The Ta’if Accords, which ended Lebanon’s civil war, called explicitly for the dismantling of political confessionalism through the election of a Chamber of Deputies on “a national, non-confessional basis” and the formation of a Senate representing all of Lebanon’s various sects. Lebanese leaders from across the ideological and confessional spectrum have declared their support for this idea, and it is routinely raised whenever questions of institutional reform and “de-confessionalism” are discussed. However, the Ta’if Accords provide no details beyond the basic description of two legislative chambers elected on different bases, a fact which prompts a wide range of questions about the architecture and implementation of such a system. This paper explores these questions and proposes several bicameral models based on a comparative political analysis.To which he adds on the blog:
As you’ll see, I’m considerably less bullish on the idea of a senate as I’ve been in the past, and that has to do with extensive conversations with many people in Lebanon, as well as conversations we’ve had here on the blog (see here, here, and here). Still, I think this is a discussion worth having if only because it offers a useful pathway into the larger de-confessionalism debate.No, I haven't read it myself yet. But knowing his work and reading his abstract and comment, it looks like a useful contribution to a (somewhat latent but important) topic.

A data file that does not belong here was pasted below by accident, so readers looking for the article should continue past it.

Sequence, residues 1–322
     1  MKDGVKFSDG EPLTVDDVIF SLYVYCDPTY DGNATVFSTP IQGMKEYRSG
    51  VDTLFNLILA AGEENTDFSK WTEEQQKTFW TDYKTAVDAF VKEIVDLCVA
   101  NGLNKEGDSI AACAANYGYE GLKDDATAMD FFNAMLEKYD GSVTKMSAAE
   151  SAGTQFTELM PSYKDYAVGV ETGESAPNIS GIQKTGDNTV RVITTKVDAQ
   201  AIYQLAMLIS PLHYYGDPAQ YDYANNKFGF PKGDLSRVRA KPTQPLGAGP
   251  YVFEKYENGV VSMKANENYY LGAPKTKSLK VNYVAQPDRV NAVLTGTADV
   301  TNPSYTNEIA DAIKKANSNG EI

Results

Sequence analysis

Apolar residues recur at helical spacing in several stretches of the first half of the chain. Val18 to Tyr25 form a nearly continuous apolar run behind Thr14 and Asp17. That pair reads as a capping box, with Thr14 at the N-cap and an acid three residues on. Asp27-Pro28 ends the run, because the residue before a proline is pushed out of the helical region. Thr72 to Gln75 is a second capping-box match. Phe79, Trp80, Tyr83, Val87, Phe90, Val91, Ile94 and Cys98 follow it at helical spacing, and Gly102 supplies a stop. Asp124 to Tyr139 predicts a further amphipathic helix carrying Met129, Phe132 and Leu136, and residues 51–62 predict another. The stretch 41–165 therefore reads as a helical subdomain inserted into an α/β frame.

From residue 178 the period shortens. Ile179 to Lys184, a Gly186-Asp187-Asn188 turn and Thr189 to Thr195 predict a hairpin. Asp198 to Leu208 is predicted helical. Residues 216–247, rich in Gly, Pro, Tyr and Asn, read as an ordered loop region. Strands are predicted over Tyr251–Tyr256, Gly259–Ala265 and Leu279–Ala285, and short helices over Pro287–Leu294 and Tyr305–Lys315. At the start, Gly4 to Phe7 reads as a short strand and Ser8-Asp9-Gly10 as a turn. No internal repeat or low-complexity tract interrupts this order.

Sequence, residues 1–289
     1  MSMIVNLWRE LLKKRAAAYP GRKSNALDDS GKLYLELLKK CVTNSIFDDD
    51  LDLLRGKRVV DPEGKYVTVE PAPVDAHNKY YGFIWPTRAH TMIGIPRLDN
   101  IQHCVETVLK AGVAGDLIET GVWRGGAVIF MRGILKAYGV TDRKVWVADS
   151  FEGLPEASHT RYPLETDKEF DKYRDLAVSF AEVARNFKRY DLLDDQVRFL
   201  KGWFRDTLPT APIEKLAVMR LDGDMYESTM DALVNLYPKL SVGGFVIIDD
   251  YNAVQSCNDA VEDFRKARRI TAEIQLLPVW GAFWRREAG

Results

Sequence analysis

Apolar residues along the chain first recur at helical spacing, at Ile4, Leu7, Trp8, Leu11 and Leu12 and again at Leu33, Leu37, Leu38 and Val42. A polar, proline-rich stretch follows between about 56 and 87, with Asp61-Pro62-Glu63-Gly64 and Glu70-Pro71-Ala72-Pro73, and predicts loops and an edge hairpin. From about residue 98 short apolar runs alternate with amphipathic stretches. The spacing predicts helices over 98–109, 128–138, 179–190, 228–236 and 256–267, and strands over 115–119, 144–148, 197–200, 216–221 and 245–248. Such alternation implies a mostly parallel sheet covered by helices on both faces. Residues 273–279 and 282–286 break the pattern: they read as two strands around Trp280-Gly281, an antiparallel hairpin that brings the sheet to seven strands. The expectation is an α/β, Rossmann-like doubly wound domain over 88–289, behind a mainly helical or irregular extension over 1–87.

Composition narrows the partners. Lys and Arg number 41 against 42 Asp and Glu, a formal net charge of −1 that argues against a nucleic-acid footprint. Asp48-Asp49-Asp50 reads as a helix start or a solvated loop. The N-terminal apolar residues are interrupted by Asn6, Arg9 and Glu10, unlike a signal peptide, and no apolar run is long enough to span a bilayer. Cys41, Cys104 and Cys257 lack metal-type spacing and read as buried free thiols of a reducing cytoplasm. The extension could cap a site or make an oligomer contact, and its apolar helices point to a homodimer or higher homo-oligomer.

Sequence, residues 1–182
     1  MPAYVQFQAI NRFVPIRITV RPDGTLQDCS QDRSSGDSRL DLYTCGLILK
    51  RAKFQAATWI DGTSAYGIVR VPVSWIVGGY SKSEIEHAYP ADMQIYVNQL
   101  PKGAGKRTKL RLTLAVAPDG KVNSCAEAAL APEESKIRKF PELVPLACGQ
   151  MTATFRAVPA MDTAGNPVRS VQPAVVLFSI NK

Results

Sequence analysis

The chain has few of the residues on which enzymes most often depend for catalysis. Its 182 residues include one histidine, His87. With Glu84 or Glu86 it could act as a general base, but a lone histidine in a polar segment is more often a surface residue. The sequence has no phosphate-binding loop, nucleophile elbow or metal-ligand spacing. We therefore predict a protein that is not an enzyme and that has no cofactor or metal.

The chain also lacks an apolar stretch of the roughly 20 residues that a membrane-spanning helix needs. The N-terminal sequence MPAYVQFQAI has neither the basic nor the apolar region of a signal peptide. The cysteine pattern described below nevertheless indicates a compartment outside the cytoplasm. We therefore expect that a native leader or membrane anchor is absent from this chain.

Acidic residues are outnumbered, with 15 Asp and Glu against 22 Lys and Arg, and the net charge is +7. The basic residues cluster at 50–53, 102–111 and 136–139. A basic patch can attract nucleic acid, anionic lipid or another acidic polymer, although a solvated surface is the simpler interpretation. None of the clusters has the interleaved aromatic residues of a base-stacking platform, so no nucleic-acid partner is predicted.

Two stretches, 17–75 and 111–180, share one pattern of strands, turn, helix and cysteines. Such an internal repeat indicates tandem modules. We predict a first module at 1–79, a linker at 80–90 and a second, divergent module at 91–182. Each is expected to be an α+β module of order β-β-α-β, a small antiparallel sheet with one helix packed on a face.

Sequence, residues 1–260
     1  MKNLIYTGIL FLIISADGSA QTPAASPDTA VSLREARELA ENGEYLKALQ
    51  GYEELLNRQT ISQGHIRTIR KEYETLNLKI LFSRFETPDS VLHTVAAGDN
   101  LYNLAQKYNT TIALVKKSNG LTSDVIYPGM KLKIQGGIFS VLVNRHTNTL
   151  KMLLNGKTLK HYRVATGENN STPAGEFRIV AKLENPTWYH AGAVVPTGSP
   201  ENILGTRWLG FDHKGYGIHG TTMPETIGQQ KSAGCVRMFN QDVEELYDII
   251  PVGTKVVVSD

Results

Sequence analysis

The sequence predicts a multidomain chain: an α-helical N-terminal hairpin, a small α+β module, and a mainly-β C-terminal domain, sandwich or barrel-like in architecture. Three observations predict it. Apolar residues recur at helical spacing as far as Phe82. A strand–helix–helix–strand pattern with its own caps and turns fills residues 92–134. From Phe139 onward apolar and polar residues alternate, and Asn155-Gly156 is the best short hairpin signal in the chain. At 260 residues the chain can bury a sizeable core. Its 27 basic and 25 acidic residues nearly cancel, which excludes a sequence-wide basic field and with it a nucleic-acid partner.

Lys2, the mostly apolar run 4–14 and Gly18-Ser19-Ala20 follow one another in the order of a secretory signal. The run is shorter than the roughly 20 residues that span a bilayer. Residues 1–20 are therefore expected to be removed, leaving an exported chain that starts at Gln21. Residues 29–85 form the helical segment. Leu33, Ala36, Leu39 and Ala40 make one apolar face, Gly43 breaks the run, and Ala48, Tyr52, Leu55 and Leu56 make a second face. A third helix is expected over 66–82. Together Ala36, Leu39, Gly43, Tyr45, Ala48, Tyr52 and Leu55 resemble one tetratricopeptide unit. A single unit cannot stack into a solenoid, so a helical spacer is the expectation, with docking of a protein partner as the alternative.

An aside, as a medievalist working on the contemporary Middle East: Elias is known to most of us in his Qifa Nabki identity as a superb, talented and witty commentator on modern Lebanon, but as his nom de blogue ought to tell you (the famous first two words of the qasida of Imr' ul-Qays, but you knew that, right?), he's a professor of comparative literature, and his doctoral work was on one of the great encyclopedic works of the Mamluk era, Nuwayri's Nihayat al-Arab fi Funun al-Adab. The Mamluk encyclopedists (I've worked with Qalqashandi a bit more than Nuwayri, but same idea) were ambitious collectors of knowledge. I'm not sure if Elias/Qifa has ever commented on this (but wouldn't be surprised if he has), but today Nuwayri would probably have had a blog. Or a wiki of some kind. An he'd tweet and post to Facebook every three or four minutes till everybody unfollowed and unfriended him. Come to think of it, Nuwayri probably had to write all those books. Eventually, someone would read them. even write a dissertation on them ... Actually, all kidding aside, the Mamluk encyclopedists are treasure troves for the literary types like Elias as well as historians like me: if you try to collect everything, someone's going to come along and ask the questions.